Intense pressure to restore public sector pay
The new government faces intense pressure from unions to return public servants' pay to Celtic Tiger levels and grant new recruits the same wages as their colleagues.
The big sticking points on the industrial relations horizon are acknowledged in its new framework document - but there are few departures from the previous administration's stance.
It talks about the "gradual, negotiated" repeal of the emergency legislation that cut public servants' pay by €2bn during the crisis years and full implementation of the Lansdowne Road agreement "in accordance with the timelines agreed".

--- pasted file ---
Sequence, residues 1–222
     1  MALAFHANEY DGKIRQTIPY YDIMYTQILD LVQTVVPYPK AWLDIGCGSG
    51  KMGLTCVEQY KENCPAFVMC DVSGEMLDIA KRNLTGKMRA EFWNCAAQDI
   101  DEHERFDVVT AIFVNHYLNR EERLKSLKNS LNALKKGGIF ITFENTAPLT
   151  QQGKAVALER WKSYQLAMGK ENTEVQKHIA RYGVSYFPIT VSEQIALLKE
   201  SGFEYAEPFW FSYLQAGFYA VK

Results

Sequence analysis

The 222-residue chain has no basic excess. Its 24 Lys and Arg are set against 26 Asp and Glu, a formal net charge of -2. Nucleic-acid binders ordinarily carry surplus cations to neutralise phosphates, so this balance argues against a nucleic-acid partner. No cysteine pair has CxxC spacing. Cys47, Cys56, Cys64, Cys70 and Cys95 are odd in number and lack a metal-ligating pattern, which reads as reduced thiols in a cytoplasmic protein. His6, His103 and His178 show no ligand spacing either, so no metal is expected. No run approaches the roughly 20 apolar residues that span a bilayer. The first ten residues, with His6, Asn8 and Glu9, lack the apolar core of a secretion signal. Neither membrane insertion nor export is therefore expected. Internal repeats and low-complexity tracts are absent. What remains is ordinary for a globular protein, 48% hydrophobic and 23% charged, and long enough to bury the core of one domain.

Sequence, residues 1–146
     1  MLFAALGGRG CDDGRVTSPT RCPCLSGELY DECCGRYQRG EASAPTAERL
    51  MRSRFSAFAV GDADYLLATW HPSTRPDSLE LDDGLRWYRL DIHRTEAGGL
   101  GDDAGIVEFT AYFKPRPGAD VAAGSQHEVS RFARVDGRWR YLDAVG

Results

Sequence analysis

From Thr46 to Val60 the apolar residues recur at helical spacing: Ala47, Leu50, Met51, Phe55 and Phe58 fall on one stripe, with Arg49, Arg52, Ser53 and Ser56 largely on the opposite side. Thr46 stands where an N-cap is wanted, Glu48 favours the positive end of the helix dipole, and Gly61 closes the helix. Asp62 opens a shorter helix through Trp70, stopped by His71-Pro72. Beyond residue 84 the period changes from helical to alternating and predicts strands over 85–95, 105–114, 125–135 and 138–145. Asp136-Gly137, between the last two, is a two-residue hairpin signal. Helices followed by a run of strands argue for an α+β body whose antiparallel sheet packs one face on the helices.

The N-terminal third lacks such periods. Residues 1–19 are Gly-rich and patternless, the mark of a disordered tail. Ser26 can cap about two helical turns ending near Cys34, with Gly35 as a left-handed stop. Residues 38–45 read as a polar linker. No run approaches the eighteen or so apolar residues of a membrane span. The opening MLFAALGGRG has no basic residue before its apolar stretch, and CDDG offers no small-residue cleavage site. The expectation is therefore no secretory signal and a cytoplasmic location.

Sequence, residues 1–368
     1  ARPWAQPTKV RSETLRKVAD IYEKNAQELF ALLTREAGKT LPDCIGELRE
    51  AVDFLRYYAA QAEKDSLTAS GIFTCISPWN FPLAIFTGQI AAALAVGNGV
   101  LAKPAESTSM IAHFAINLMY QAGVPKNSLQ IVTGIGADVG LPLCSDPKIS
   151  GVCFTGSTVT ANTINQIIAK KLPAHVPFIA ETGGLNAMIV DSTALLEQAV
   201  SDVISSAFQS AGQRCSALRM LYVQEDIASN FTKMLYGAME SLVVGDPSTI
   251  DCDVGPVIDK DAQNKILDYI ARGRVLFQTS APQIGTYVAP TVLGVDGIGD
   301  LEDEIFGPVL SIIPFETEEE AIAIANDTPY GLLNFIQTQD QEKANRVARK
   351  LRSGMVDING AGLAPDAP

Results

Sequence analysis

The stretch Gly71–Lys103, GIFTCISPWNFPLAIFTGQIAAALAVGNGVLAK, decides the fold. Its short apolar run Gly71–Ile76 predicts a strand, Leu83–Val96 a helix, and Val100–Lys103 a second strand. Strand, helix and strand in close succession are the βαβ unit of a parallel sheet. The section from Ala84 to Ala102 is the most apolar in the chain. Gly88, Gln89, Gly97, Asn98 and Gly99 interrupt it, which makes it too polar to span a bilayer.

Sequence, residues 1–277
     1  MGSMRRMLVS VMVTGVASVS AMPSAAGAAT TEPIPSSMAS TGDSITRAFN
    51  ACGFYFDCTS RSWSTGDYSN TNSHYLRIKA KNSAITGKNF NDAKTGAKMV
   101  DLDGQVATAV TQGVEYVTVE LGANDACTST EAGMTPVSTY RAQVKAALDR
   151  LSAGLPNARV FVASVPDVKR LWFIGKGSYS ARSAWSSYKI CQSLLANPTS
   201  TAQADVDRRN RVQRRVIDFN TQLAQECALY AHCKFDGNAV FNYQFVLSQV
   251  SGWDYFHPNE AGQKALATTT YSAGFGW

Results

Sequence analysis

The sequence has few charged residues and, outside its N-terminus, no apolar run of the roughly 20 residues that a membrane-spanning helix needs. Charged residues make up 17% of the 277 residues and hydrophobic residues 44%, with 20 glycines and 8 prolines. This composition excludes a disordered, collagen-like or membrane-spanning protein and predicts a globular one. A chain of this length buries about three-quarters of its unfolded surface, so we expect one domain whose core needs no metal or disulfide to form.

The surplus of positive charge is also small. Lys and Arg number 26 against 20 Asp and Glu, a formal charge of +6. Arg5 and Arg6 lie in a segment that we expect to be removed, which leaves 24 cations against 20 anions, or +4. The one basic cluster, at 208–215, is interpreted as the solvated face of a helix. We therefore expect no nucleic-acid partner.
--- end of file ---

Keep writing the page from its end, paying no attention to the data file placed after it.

However, it has plenty of leg-room to change its stance as the pressure from unions to accelerate pay restoration will almost inevitably intensify in the coming months.
Union leaders have already won €2,000 of pay cuts back for individual public servants under the Lansdowne Road deal, but are demanding that wage restoration speeds up if economic growth continues.
The new framework document also pays lip service to the recent public rumpus among new recruits to the state sector over the two-tier system that means they earn 10pc less than their colleagues during their early years. In a new departure, the government commits to examine the issue of this two-tier pay system.
It says a Public Service Pay Commission will be set up to study wages across the public service, including entry levels of pay. But there is no detail on when it will be set up or report.
IMPACT general secretary Shay Cody welcomed the commitments but said he would reserve judgment until a government is in place.